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Home Run: MLB Wants to Hire More Women and Minorities

Home Run: MLB Wants to Hire More Women and Minorities

By Jennifer Memmolo

It might be time to dig out your old catcher's mitt and baseball cards — the MLB is looking to hire more women and minorities in time for next season. This is a huge step for an organization that has never had a woman general manager in its more than 110-year history.

The organization is teaming up with Korn Ferry (a search firm, not an iteration of the 2000s band) to open up its doors to more inclusive hiring. MLB Commissioner Rob Manfred, who opened up earlier this year about including more LGBT and minority hires, said of the partnership:

"We are proudly a sport of inclusion, and we must continue to pursue and develop more opportunities for minorities and women throughout our game, both in senior- and entry-level positions. Our policy on this vital issue will ensure that active searches of outside candidates for leadership positions will include strong minority and female representation."

Manfred installed former MLB player Billy Bean as an "inclusion ambassador" earlier this year to dispel any notions that the MLB might be a hostile environment for LGBT fans and players.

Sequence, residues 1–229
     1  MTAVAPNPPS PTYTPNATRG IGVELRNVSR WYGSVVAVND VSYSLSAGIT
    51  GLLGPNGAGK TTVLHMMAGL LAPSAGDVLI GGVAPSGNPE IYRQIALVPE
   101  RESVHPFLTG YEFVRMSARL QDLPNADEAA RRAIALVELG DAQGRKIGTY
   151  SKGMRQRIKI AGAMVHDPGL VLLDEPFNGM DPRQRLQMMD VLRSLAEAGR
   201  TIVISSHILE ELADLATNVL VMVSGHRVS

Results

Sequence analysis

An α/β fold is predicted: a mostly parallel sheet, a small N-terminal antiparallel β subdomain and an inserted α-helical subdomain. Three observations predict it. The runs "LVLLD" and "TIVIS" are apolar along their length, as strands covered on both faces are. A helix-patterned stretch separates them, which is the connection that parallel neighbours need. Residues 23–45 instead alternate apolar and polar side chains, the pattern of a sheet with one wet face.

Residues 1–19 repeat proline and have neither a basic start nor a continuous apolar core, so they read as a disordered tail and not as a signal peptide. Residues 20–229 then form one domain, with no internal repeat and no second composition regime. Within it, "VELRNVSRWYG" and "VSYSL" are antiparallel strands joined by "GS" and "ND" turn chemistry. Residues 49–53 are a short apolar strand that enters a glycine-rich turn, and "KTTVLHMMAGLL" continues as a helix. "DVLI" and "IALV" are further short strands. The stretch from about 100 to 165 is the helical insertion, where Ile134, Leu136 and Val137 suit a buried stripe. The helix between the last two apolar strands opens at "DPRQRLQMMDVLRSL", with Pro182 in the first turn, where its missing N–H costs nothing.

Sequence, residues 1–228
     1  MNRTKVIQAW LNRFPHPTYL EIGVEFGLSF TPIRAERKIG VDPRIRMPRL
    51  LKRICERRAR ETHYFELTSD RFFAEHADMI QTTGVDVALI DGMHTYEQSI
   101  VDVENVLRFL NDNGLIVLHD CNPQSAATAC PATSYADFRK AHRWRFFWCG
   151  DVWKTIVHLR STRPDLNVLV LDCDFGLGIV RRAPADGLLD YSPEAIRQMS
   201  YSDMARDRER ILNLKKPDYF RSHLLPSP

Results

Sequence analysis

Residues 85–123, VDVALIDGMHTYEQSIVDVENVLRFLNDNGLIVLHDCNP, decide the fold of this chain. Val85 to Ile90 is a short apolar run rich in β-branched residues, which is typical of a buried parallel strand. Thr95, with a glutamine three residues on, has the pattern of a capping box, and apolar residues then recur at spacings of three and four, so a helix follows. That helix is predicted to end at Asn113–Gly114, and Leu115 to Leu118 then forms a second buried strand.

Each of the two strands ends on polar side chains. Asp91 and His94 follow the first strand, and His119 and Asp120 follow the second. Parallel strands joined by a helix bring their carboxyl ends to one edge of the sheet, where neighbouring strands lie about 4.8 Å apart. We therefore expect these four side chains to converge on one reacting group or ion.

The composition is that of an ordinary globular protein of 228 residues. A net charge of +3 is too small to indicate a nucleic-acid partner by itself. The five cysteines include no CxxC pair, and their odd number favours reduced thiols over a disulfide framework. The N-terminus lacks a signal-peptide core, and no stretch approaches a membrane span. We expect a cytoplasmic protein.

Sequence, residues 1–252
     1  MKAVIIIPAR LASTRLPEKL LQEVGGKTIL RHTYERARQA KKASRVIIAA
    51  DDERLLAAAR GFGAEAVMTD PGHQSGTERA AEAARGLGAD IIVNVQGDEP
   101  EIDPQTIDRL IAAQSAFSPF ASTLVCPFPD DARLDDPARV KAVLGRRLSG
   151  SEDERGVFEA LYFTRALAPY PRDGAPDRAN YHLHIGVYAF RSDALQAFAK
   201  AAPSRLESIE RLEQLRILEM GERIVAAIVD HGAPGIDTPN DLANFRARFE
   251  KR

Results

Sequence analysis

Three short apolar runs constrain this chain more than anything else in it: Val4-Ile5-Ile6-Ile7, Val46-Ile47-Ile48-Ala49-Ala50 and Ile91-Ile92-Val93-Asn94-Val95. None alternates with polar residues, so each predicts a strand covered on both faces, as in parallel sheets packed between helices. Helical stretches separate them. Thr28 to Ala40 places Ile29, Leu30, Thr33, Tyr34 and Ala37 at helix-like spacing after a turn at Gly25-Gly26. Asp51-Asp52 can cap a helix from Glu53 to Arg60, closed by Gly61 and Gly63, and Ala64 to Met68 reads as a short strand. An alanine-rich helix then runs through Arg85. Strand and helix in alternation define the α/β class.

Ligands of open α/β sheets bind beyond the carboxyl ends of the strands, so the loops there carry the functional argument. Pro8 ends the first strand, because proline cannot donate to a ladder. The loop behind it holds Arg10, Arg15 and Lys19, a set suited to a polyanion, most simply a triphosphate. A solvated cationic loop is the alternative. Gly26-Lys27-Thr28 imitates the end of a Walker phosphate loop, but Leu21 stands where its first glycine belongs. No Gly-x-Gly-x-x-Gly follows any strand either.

The MLB is one of several organizations that announced their own iteration of the "Rooney Rule" in recent weeks, joining everyone from the NFL to tech firms like Pinterest in its efforts to hire more women and minorities.

But what's important to remember is that hiring women as coaches and managers in sports organizations results in more than good press—just look at the NBA's San Antonio Spurs, where Coach Becky Hammon led the summer league to a championship just a few weeks' ago. And as NFL preseason starts heating up, it'll be exciting to see how Jen Welter, coaching intern for the Arizona Cardinals, contributed to their playbook. These women are more than news items: They're intelligent, talented athletes who are making real contributions to these teams.

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Photo Credit: JERRY IRWIN via Getty Images